Having spent all morning laboring over A Case of the Mondays, I gathered myself to head into the office about noon yesterday. Waiting for me in my inbox when I got to work was a request to trek out to a hospice facility to perform Last Rites for a dying parishioner.
The significance of saying the same prayers I’d said over my Grandpa’s precious body exactly a month ago (to the hour!) was not lost on me. While approaching parishioners I’ve never met usually intimidates me and I grit my teeth, this felt, in a way, like visiting an old friend. As I pulled into the lot in sunshine and 65 degrees (no coat or boots this time), I was vividly reminded of how it was to crunch through the snow to the quickly-familiar lower-level door of the similar house where my grandpa had died.
The facility’s scent, the calm lighting, the whispery noise–it felt like a time-warp. It was a different place, several states and weeks away, but it was also exactly the same. My parishioner lay in bed, in a coma, with the same slack jaw and irregular breathing that I’d seen in Grandpa at the last. It was the same smooth head, the peaceful–almost happy–expression; I recognized death in the room, not a menace at that moment, more of a sad–comforting?–certainty.
I sat in a folding chair wedged between the hospital bed and the wall–just where I’d sat in Chuck’s room, back against a sliding glass door–I couldn’t help but say the same things I’d whispered to him in the last days, “You’re doing so well; it’s hard work; you’re almost there.” After awhile and a few psalms, I turned to the pages I’d marked back in January, “Ministration at the Time of Death.”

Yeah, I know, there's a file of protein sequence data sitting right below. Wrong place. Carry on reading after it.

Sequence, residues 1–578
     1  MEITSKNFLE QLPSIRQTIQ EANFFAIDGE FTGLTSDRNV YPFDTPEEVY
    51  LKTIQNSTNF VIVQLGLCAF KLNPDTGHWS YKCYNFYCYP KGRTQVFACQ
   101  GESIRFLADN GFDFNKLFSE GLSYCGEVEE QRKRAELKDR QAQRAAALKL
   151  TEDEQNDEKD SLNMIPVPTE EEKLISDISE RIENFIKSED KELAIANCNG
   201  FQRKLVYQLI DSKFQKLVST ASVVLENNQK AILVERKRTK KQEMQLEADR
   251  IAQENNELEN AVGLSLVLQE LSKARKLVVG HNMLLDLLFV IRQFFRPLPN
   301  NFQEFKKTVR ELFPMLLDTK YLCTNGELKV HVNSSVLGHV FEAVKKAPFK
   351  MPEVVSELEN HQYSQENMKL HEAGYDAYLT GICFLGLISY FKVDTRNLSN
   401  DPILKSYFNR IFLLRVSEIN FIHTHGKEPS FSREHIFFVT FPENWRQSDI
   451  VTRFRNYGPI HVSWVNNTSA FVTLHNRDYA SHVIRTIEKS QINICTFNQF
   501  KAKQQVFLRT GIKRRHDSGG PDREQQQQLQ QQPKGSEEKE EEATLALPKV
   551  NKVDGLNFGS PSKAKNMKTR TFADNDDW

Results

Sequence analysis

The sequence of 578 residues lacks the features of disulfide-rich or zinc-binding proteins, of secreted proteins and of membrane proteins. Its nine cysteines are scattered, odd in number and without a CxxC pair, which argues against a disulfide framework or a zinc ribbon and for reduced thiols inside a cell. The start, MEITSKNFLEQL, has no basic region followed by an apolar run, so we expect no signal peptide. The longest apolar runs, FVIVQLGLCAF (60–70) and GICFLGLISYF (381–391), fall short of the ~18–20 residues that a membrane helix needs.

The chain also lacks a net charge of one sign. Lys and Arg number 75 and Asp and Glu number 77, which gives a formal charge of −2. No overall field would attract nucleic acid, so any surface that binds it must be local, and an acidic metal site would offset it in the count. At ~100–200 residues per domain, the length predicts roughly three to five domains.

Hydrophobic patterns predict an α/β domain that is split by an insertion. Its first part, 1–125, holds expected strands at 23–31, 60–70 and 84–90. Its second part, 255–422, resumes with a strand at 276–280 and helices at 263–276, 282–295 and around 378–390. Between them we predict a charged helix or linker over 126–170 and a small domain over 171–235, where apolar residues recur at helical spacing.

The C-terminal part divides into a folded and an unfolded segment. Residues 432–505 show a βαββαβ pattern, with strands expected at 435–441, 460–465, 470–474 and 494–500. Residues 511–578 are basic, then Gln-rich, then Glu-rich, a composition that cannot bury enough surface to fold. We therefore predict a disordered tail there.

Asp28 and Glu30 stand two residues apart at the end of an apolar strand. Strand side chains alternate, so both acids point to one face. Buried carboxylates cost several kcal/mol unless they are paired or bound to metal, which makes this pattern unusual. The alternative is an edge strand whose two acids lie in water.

With that mystical peace that accompanies good deaths–and this was surely another one–I prayed the same words said over dead and dying bodies the world over throughout time. I joined thousands of voices praying around millions of bodies; time collapsed on itself while the same words are spoken. Of course, there was one particular time and place that echoed louder than others for me.
Afterward, I sat back in the folding chair for awhile (just like last month, those chairs register no discomfort in such holy presence), and let my parishioner minister to me. Though I’d never met this person while conscious, walking with another person making the same trek as my loved one had so recently was an unspeakable joy and salve. I was surprised at how much was the same. I suspect much will be different in many more deaths by which I keep watch, but I hope, too, that I’m more often surprised and reminded at how much death–and as a corollary, life–is the same. Moments with strangers can drive a person to tears as we recognize the echoes of those with whom we’ve trod long, long roads.
If we believe in the family of God, in our sibling-hood by virtue of being born again in Baptism, of course moments with strangers should remind us of our biological or intimate relationships forged and tended for years. There’s really no difference to God, and we pray to learn and practice that there’s really no difference to us.
What I mean to say is this: the conceptions of time and of family which our culture feeds us from the moment we take breath isn’t necessarily the true one. These such “coincidences” can break through our secular structures and nudge us toward sacred structures for understanding time and family (and work and life), these are the kinds of structures, or conceptions, that our minds and bodies and spirits were made for–the kind which will make us thrive. Thanks be to God.